The Urban Development Bill would enable New Zealand’s urban areas to be transformed by facilitating the development of land in areas of public transport infrastructure, which are already valuable locations for people to live and work
Expanding Kainga Ora’s toolbox – the Urban Development Bill – By Nicky McIndoe and Liam Bullen
Urban development in New Zealand is set to be transformed thanks to the newly introduced Urban Development Bill. Currently at the select committee stage, submissions closed on 14 February 2020.
The bill stems from the Kainga Ora–Homes and Communities Act, which disestablished Housing New Zealand and strategically combined it with its subsidiary
HLC and parts of the KiwiBuild unit to form Kainga Ora–Homes and Communities (Kainga Ora).
The bill aims to enable Kainga Ora to improve the social and economic performance of New Zealand’s urban areas through complex development projects called specified development projects (SDPs). Under the bill, Kainga Ora would have the option to undertake the SDPs by itself or to partner with other entities, such as iwi, local government or the private sector. The bill aims to reduce the risk of complex developments, as well as creating opportunities in the private sector and for councils and Maori developers.
The bill is the second and more interesting piece of legislation designed to enable Kainga Ora to improve urban development outcomes in New Zealand. It is also part of a wider suite of legislative change that includes the Infrastructure Funding and Financing Bill, which aims to provide an alternative funding and financing model for the provision of infrastructure for housing and urban development.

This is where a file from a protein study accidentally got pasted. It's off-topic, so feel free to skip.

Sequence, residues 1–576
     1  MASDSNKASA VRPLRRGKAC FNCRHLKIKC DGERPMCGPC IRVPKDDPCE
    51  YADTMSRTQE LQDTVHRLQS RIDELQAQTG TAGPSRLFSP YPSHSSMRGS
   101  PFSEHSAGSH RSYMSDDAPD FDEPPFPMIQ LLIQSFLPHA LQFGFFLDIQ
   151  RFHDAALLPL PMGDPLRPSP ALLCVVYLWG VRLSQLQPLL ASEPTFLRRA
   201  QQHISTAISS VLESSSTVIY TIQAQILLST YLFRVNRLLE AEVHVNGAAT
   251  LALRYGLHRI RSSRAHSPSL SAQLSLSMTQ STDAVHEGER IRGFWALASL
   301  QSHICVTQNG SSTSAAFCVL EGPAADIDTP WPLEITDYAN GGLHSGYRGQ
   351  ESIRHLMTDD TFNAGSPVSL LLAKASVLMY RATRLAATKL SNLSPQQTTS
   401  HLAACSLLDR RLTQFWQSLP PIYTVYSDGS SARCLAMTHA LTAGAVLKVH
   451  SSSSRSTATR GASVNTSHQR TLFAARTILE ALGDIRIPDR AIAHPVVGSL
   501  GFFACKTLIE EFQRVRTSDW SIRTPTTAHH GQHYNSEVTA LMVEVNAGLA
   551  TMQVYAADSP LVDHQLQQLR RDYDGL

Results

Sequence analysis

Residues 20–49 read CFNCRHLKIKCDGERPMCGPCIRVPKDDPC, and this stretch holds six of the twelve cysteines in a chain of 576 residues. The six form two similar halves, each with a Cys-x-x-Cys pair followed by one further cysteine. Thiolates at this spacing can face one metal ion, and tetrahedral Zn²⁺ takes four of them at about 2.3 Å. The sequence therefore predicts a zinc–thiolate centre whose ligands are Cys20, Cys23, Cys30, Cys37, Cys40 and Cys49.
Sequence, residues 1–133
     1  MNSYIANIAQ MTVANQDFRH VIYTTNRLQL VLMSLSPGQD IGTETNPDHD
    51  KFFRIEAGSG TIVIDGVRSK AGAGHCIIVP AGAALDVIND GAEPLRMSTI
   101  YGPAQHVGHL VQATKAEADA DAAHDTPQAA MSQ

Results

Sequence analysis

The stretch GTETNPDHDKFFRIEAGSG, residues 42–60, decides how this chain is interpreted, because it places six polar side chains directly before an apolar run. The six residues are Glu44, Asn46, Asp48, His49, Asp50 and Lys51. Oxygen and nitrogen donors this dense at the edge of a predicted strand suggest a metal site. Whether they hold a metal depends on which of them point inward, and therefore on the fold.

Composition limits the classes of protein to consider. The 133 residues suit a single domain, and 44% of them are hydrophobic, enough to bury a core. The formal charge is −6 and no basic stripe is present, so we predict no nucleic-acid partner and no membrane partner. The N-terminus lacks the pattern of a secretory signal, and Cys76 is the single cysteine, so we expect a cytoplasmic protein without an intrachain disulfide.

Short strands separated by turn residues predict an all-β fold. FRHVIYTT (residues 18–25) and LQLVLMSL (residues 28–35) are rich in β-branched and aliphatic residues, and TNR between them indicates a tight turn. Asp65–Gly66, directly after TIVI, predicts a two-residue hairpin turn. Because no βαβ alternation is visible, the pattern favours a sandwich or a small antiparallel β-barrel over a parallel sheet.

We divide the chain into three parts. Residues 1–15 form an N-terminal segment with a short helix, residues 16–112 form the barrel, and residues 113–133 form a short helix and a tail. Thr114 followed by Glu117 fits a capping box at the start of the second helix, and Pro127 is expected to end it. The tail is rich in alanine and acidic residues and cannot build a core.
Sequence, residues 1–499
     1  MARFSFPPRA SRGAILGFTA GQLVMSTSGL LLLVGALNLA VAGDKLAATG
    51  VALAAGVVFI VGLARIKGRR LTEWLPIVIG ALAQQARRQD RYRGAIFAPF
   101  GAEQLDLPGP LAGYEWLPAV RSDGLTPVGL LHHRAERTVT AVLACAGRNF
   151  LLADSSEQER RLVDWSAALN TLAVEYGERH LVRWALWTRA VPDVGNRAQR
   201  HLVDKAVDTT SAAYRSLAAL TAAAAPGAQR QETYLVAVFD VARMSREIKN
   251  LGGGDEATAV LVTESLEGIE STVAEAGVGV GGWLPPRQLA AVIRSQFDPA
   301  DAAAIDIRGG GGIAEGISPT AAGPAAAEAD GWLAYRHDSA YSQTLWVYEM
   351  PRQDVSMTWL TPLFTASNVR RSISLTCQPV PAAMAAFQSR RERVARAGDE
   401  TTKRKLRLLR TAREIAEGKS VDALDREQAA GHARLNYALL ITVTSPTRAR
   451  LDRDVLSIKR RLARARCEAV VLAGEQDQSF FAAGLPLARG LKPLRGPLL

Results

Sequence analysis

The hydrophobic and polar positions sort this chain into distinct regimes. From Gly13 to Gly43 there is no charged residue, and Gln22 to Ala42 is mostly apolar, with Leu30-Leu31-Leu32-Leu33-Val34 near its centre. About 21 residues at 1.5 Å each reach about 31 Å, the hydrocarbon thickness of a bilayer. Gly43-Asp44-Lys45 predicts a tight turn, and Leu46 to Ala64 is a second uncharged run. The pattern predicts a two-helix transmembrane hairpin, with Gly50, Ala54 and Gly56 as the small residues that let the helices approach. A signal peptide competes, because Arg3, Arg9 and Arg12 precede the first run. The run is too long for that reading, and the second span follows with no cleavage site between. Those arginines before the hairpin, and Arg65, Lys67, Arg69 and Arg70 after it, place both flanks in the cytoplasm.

SDPs would involve a mix of housing types, transport connections, employment and business opportunities, infrastructure, community facilities, and green spaces. To facilitate this complex mix, the bill would give Kainga Ora access to a ‘toolkit’ of development powers as well as land acquisition powers. These will allow Kainga Ora to carry out comprehensive urban development by giving it more power and reducing reliance on other entities to get the job done.
This toolkit of powers includes:
• The ability to remove obligations owed by the landowner to a third party from the land
• The right to exchange or revoke particular types of reserve and conservation land
• The right to build or change or remove transport infrastructure
• The power to require network utility providers to install utility assets
• The power to set targeted rates, development contributions, collect betterment payments or charge connection payments.
Ability to act as consenting authority
In addition to the toolkit of powers, Kainga Ora would be able to essentially take over a council’s role as a consenting authority. Similar to the normal consenting process, there will be public consultation and submissions on the SDP objectives, location and effects. However, the right to appeal to a court will be very limited.
Projects will continue to be tested against the Resource Management Act (RMA) provisions as well as the bill’s principles of integrated and effective use of land and buildings, quality infrastructure, efficient, effective and safe infrastructure, access to public open space, and low-emission urban environments.